Physical therapist retires after long career, copes with Alzheimer’s

For 30 years, Physical Therapist Nancy Johnson's cheerful disposition and big heart have brought comfort and relief to her patients.

Nancy Johnson is prepared to take on early-onset Alzheimer’s and stay active in the community.

For 30 years, Physical Therapist Nancy Johnson’s cheerful disposition and big heart have brought comfort and relief to her patients.

Easing the pain, rehabilitating the body and strengthening the souls of others is a rewarding job, a wonderful profession, said the 53-year-old Auburn woman. “I love what I do, I absolutely love it,” a smiling Johnson said, fidgeting in her tidy, tiny office at Lakeland Sports & Spine Physical Therapy.

But Johnson was dealt a severe blow on July 17, 2013, the day doctors told her she had early-onset Alzheimer’s. The devastating disease is rarely diagnosed in people younger than age 65, but as Johnson quickly realized, Alzheimer’s is not just a disease of old age.

More than five million people in the U.S. live with Alzheimer’s, a brain disease that robs them of their ability to think and remember. Only 5 percent of those with Alzheimer’s develop it in their early-to-mid 50s, according to the Alzheimer’s Association, a leading voluntary health organization devoted to the care of sufferers and to researching the disease.

The news hit the Johnsons very hard.

“It’s not been easy,” Joel Johnson said of his wife’s condition. “We don’t get to choose how we come in and how we leave. We do get to choose how we approach the difficulties and challenges in life.”

The Johnsons have been resolute, but Nancy’s fading skills have forced her to close her practice. Her last day of work was Dec. 18.

Early retirement has been difficult to accept.

“It’s been fun,” she said. “It’s hard to let go.”

Matt Fenstermaker, a doctor of physical therapy, will continue as clinic director. The staff remains intact.

Active in the Auburn community, the Johnsons have built a successful business. Joel, a physical therapist, owns three clinics, including the one in Lakeland Hills, where Nancy has worked and which she has directed ever since the clinic’s inception in 2003.

Nancy has been a big part of the clinic’s success. The practice has grown in clientele over 11 years, the center’s space doubling in size more than a year ago.

“She’s had an amazing career of impacting people,” Joel said. “She has attracted so many people to come here.”

A 1985 graduate of the University of Puget Sound, Nancy launched her physical therapy career in 1985 at Good Samaritan Hospital. She worked in neurological rehabilitation and in a skilled nursing environment when her children were young. She switched to orthopedics in 2001 with the opening of Renton Sports & Spine Physical Therapy, then helped open the Lakeland Hills office two years later.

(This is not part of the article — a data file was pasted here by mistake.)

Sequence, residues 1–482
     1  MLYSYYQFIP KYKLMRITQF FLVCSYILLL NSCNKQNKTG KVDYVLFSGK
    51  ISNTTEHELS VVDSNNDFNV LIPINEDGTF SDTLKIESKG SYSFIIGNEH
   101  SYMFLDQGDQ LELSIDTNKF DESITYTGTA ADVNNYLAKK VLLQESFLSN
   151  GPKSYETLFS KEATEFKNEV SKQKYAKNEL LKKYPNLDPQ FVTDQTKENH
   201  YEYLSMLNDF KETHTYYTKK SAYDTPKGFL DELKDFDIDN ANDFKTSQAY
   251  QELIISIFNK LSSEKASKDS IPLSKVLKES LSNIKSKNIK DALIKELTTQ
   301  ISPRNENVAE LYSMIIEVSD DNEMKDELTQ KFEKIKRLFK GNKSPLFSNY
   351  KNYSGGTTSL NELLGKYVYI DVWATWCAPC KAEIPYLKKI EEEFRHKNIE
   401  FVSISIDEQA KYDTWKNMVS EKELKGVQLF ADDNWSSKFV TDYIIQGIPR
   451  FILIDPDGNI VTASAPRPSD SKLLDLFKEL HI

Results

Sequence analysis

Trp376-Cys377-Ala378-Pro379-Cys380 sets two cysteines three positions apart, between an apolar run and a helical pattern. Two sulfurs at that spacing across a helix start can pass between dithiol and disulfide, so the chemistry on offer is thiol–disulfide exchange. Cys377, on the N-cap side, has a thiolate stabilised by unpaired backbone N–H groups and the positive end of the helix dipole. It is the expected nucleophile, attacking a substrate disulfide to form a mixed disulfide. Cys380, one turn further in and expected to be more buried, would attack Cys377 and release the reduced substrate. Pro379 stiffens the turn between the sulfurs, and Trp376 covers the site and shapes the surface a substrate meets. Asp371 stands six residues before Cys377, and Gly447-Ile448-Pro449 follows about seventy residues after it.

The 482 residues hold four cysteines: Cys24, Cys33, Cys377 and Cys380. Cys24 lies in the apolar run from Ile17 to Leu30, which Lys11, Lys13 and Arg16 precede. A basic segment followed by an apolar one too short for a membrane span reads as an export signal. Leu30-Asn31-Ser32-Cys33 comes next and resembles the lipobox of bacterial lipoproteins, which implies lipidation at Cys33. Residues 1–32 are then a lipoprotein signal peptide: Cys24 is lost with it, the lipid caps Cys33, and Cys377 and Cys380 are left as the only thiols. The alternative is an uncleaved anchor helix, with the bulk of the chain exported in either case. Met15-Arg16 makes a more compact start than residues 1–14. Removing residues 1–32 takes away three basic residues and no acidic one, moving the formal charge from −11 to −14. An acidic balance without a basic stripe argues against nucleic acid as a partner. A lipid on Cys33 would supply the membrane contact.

In retirement, Nancy plans to stay active, volunteer in the Auburn community and travel with family. Daily exercise is important, she said, and staying connected to others.

Nancy has served for many years as a Rotarian, volunteered in schools and coached youth soccer for Auburn Parks. The family business has contributed to many charities, including the Auburn Food Bank.

The Johnsons celebrate their 30th wedding anniversary on Monday. They have raised three sons.

They are approaching Nancy’s situation in a positive way. Broadly speaking, the disease is not life-ending but it is under-publicized compared to cancer and other maladies.

“We’re not going to change how we approach life,” Joel said. “We’re not going to crawl under a rock and hide.”

When someone is diagnosed with Alzheimer’s, friends and family unintentionally pull away, Nancy has observed.

“They just don’t know what to say to you,” she said. “Don’t be afraid of me. I’m still your neighbor, your friend, movie pal and your coworker.”

Joel stands by her side, her greatest supporter. He encourages her – one step, one day at a time.

For the couple, it helps to laugh about it. Levity is medicine, too.

“It gets you through it,” Nancy said.

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For more information on early-onset Alzheimer’s disease or to donate, visit www.alz.org.


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